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Two ways to analyze and grow your freelance or consulting business

Are you frustrated with your freelance and consulting marketing? Perhaps you’ve tried lots of different ways to get clients but you feel stuck?

If so, it may be time to formally review your past clients and where they came from . . . your best access to prospects and your best access to sources of revenues . . . what has worked and what has not worked.

This is the perfect December activity. Annual planning is in the air, New Year’s resolutions are under consideration, and current assignments may be dropping off as corporate clients take off the rest of the year or delay new initiatives for January. So you may have plenty of time available for analysis and planning when you sit down to work.

There are two ways to approach analysis and planning. You can implement the first only if you already have had clients. The second way can help you improve your business even if you have not yet had your first paying client.

The first is to review every client you have had for the past several years. Five years are good if you have that much experience and can pull the data together. (Your tax records may help, depending on what you declared.)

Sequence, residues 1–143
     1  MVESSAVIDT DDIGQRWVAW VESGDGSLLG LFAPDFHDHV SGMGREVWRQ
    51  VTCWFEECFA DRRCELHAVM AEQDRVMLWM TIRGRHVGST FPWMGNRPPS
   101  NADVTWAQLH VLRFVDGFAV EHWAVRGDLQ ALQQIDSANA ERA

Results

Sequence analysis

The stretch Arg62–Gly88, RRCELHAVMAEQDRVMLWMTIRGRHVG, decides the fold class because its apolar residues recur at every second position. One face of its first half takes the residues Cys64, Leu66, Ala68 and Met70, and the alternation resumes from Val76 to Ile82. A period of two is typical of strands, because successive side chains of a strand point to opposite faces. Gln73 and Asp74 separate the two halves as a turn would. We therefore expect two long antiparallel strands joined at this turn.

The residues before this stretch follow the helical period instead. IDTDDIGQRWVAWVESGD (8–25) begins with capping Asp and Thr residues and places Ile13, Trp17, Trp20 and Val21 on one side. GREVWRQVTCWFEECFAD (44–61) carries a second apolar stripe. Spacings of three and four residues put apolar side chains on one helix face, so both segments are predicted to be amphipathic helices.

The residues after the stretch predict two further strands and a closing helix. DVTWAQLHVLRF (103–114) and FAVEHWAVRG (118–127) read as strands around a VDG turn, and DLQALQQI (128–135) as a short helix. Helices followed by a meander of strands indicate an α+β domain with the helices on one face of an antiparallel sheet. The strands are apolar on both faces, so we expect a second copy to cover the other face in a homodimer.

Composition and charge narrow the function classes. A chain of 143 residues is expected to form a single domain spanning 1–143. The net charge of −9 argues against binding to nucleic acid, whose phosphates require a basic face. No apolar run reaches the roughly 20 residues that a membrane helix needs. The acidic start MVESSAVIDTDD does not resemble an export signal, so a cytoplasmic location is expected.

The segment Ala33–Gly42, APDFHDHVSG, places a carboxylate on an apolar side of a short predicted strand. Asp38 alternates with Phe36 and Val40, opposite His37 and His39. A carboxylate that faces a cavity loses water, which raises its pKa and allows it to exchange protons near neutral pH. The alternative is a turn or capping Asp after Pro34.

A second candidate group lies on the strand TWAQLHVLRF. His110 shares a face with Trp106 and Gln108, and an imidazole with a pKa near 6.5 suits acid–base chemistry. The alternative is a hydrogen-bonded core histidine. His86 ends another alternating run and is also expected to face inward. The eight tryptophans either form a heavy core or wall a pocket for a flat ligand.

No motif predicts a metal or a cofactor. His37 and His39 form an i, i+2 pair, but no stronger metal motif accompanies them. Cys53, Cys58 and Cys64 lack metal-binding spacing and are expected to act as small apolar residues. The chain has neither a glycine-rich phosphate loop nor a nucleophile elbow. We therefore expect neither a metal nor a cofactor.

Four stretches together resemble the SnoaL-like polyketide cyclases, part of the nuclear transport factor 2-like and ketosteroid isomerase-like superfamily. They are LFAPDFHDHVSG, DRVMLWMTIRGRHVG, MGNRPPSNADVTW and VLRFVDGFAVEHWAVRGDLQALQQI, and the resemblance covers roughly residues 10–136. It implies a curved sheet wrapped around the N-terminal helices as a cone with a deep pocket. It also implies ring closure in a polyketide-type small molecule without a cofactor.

Put together a table that includes name of client company, contact person, type of work, number of assignments, total income, how you obtained the client, and perhaps a more subjective column indicating “good” or “bad” client. If you’re a detail person, you can expand it to include more data, perhaps characteristics unique to your profession.

The second is to think about your ideal client and enumerate his characteristics. This is the way to go if you are new to freelancing / consulting or have had only a handful of clients.

Much has been written about ideal clients, generally in terms of the work relationship and their personalities. For instance, avoid people who want lower prices, who change their minds constantly, or who set tight deadlines but don’t give prompt feedback along the way.

Valid advice, but identifying these traits doesn’t help you determine where to find new clients. You need factual characteristics you can identify before you start prospecting and discovering the stresses in working with real companies and real people.

I’m referring to just-the-facts-ma’am criteria you can research. These may include industry, SIC code, location (do you work only with local businesses, virtually within your own country, or globally?), size of company, and other tangible clues as to whether they are candidates for your services.

For a preliminary list, check out online databases used for researching companies. The search page lists criteria for your consideration; the search then responds with actual companies that are possible prospects.

In my community (Bolingbrook, IL), via the public library’s website I can access such a resource online for free. Ours is called AtoZ Databases; ask your librarian for the one available in your community.

The more data the better, but don’t make your table so comprehensive that it’s out of alignment with your capability to deal with detail and finish time-consuming tasks you find boring.

Now that you have applied strategic thought to your ideal clients, it’s time to start contacting them in a structured, consistent fashion.

Originally posted 11-24-14

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